Why employees need a best friend at work

Having a friendly support system at work boosts an employee’s productivity, says one career adviser

Why employees need a best friend at work

A recent Gallup Poll revealed that employees that had a best friend at work “were 43% more likely to report having received recognition and praise for their work”.

“There were a number of other areas where a best friend improved performance, such as being recognized for their progress, having their opinions count at work, and having the opportunity to do what they do best every day,” wrote career adviser Kaytie Zimmerman at Forbes. 

This is especially true for millennials, she said, as they continue to blur the line between their work and personal life.

She cited a Relationships @ Work study done by LinkedIn that said 46% of work professionals believe that work friends contribute greatly to their overall happiness while 67% of millennials are more likely to share personal details with their co-workers.

“Some Gen X and Boomer managers struggle with the idea that millennials want their managers to take an interest in their lives outside of work,” she said.

“You are part of their non-work life, whether you like it or not. Besides, of all the areas that millennials have transformed the workplace, isn’t this area one of the easiest to adapt to? Managers and co-workers only need to ask how their weekend was,” she added.

Apart from the support these relationships have on their productivity, Zimmerman said that it adds to how much they enjoy the work they do, with nine out of 10 saying “having fun on the job is a significant factor in picking an employer or choosing to stay”.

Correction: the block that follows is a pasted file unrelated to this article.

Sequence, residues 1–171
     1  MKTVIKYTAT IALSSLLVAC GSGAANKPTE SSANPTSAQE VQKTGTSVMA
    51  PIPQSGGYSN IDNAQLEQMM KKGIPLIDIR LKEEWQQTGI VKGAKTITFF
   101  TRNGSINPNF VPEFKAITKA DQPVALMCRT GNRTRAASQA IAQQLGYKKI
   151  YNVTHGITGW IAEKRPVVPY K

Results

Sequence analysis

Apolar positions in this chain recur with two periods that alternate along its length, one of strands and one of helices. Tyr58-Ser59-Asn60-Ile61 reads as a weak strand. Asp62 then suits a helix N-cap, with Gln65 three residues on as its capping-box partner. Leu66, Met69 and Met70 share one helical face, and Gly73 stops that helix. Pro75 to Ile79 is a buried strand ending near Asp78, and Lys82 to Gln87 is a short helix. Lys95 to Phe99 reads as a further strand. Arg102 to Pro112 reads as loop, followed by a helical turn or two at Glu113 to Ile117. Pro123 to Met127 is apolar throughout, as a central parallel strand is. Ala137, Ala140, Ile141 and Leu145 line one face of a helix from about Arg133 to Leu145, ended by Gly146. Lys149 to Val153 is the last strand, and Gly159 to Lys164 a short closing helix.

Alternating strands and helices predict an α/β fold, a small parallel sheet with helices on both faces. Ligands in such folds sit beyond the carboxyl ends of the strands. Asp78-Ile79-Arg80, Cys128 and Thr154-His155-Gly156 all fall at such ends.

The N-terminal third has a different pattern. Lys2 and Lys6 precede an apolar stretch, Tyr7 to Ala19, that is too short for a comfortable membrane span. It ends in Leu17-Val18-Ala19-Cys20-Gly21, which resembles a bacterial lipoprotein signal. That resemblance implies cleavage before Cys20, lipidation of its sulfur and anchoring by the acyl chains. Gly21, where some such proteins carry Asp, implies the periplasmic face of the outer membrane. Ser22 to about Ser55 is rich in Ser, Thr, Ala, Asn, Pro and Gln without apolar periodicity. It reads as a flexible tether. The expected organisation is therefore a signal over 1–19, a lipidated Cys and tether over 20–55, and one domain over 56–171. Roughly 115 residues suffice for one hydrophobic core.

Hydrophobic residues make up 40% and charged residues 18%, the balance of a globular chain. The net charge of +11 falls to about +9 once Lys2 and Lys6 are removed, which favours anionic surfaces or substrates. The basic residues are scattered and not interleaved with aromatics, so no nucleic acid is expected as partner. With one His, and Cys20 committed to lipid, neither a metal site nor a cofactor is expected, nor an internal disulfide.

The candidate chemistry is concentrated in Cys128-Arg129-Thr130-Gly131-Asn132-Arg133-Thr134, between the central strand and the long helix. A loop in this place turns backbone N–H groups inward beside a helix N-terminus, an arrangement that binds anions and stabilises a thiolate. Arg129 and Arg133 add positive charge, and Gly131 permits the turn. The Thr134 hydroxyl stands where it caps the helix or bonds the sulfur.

But they also put emphasis on the quality or sincerity of the type of ‘fun’ programmes employers introduce. Simply putting a pool table in the break room will likely not cut it, she said.

“Arranging happy hours or social events that include food and drinks are often effective at increasing fun and building relationships. The key with these to keep all generations happy is to have them at a reasonable hour,” she suggested.

Most of your millennial workers may be young and single so Friday nights may be ideal but older workers wanting to spend time with their family might find it difficult to pencil in a Friday night get-together.

A couple of solutions Zimmerman suggested is to set up an early weekend or to introduce happy hour earlier on Friday afternoons.

“However you choose to cultivate genuine relationships with all employees, know that it’s important it takes place,” she said.

“Friendly employees that have fun with their co-workers are more productive, more effective, and more likely to be loyal to the company.”


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